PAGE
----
It's becoming increasingly clear from the scientific literature that internal gender identity is neurologically hard coded into brain structure during early fetal development, but due to certain events (likely included an interplay of genes and maternal hormone exposure) specific regions of the brain are masculinized/feminized on a sliding scale, allowing for a very diverse degree of potential internal gender identities, some of which may lead a person to desire to ultimately transition and some of which do not, with a ton of variation thereof.
We're still figuring out everything that's going on, but it's fascinating. It also arguably IMO makes non-emperical theories of gender somewhat irrelevant.
And in Not-Good-News, Republican Congressmen ask Labor Dept. to withdraw the LGBT Protections the Dept. recently set forth.
They're asking for a 60 day public comment period during which the labor dept ruling would not be in effect. I strongly suspect that the two members of Congress behind this may be surprised at how much flak they're going to get from a good chunk of their own party over this. It's rapidly becoming an issue of civil rights that's supporting by people across the political spectrum. This is a good thing. Those railing against equality for LGBT folks are an old and dying breed on both the Left and Right.
James Jacobs wrote:
The feat wasn't written with a weight limit in place, which I'd leave more to DM adjudication than not, as it's less about weight than it is about fine control which the tail lacks in comparison to a full hand. Hold, pick up, and stow objects but not wield weapons, shields, use spell components, etc (though in my home campaign I could personally be persuaded to allow the tail to perform somatic components of spells).
I'm not specifically familiar with this having been accomplished already, but it's conceptually feasible to insert human bone marrow into immunocompromised pigs of some variety and then harvest the resulting blood with appropriate filtration. It seems an engineering problem than anything else.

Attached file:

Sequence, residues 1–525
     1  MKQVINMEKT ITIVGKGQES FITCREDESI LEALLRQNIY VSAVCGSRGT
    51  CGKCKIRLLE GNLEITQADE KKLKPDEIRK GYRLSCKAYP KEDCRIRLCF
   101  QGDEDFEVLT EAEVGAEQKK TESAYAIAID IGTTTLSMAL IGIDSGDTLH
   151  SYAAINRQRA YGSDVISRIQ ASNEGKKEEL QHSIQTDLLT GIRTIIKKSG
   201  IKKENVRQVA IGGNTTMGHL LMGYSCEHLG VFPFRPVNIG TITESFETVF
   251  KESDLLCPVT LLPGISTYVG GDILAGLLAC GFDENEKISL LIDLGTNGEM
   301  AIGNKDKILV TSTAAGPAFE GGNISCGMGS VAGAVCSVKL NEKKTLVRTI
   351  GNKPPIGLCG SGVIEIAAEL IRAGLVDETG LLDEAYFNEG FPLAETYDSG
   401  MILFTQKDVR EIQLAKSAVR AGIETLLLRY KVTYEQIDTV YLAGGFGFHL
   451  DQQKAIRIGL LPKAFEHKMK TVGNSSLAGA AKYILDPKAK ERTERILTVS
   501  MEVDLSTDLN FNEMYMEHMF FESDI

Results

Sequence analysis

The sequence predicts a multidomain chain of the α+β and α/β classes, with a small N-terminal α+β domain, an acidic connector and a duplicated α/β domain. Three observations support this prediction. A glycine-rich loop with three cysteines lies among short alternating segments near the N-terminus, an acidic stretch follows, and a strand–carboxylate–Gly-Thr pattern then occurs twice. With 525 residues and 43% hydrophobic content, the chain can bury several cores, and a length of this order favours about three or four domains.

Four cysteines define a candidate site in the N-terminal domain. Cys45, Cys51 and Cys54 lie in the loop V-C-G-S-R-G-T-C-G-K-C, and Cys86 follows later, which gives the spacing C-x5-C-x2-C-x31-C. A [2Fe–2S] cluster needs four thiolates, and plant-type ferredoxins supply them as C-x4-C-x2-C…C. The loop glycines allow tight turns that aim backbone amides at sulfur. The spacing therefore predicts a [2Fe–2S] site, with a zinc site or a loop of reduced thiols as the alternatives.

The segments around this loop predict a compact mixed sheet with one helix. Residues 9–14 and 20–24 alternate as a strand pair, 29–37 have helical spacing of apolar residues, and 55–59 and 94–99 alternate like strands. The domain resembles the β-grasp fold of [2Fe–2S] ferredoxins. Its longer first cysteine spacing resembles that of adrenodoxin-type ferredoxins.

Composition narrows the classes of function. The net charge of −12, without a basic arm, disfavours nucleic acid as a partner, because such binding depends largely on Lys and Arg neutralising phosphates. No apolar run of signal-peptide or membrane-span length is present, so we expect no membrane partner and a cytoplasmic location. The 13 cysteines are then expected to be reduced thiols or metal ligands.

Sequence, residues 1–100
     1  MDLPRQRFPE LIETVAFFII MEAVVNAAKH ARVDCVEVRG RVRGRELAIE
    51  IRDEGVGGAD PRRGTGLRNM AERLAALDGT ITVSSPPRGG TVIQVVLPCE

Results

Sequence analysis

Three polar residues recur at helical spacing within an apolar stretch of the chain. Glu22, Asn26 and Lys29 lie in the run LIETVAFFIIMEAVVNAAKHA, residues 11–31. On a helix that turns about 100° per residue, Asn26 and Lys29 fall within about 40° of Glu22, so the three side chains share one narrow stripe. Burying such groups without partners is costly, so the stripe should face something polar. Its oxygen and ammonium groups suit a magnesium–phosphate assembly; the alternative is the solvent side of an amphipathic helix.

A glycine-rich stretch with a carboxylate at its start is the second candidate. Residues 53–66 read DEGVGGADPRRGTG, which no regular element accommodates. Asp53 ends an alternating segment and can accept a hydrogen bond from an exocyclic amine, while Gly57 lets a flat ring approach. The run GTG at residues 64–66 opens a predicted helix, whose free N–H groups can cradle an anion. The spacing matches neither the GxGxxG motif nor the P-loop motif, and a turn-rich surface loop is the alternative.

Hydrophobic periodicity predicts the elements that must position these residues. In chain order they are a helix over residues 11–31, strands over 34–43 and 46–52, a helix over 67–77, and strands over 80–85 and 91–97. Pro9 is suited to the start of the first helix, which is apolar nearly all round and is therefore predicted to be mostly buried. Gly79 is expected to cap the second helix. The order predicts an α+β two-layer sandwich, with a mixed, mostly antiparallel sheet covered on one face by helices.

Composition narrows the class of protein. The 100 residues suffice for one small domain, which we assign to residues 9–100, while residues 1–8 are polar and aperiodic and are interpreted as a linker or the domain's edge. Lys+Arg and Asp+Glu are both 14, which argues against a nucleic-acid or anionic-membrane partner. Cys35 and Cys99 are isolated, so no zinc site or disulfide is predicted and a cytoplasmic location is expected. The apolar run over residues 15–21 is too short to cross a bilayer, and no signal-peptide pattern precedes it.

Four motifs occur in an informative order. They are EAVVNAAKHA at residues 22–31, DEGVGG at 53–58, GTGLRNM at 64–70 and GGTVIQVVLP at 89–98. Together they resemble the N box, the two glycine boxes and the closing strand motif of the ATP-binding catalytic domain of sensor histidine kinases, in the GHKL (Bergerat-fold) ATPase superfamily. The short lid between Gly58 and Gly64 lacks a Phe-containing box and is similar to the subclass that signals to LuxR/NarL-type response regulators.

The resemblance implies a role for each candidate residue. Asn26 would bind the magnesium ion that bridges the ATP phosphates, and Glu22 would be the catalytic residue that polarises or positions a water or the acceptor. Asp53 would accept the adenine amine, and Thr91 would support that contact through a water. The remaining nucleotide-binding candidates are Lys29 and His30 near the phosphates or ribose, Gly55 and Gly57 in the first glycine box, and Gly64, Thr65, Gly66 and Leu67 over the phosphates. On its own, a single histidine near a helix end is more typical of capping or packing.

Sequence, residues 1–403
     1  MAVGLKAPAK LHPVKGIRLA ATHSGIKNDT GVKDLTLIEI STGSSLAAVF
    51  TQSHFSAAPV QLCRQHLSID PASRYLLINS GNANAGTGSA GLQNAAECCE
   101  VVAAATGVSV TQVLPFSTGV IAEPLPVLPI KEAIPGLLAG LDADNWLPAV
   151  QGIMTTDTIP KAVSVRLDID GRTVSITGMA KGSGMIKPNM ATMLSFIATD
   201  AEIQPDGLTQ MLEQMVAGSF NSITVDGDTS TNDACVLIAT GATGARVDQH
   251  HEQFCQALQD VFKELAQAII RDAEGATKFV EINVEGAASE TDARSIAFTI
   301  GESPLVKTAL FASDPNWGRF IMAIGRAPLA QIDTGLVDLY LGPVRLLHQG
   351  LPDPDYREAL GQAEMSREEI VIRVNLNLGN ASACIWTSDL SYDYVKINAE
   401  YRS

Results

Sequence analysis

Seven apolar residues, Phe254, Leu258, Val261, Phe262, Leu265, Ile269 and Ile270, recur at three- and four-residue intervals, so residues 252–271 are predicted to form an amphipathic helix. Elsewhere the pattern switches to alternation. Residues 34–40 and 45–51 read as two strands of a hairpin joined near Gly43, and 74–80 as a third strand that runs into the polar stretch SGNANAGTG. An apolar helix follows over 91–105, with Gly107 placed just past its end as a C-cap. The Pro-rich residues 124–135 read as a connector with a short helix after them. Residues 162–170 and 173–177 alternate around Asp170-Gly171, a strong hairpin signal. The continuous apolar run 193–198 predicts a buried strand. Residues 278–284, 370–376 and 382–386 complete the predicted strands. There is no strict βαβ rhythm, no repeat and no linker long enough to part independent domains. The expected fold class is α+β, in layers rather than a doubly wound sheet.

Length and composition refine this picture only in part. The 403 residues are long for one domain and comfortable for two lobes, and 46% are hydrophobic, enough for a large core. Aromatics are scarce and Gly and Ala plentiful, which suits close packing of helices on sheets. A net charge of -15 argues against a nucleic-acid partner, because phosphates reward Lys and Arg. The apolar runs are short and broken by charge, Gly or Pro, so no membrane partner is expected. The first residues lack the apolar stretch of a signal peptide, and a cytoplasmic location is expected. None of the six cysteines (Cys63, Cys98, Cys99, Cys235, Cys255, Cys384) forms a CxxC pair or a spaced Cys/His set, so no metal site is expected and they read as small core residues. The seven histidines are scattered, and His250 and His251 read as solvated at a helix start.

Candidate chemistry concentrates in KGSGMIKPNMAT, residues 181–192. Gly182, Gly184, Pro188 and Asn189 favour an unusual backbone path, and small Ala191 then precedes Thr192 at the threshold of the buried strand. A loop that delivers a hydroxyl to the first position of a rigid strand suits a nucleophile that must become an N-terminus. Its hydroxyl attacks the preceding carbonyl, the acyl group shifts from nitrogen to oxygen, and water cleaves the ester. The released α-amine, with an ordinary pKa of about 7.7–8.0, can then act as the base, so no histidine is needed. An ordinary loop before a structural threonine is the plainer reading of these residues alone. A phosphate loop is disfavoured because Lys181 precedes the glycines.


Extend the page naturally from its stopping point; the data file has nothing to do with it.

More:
The problem I would raise on a safety level would be the presence of porcine endogenous retrovirus, which makes any level of xenotransplantation involving porcine origin cells problematic, even if in the case of harvesting RBCs that lack a nucleus.
But beyond that, I suspect that most of the outrage over you know, helping people, was from the 'It isn't natural' anti-biotech fringe minority of the extreme left. Similar outrage from that camp in recent years over human/animal chimeras in research and creating human embryos using genetic material from a third person to cure various diseases caused by mitochondrial dysfunction in the potential child's two primary parents. Sigh. But I'm going on a rant. I'll stop.
I hope that you enjoy it :)
It was intentionally written with as many hooks as possible that don't rely on any particular set of rules to be useful. The monsters that it does have in the back have since all been updated to Pathfinder rules (in Bestiary 2). And if it helps, it was very much inspired by what came before in terms of the planes from AD&D/Planescape, though obviously it's a different IP. Much respect and appreciation for that though.
Ideally IMO an expanded planar source book (hardcover even?) written formally in the Pathfinder rule-set would be great. Would be great to see at some point, but I have no insight into if that's on the horizon or not.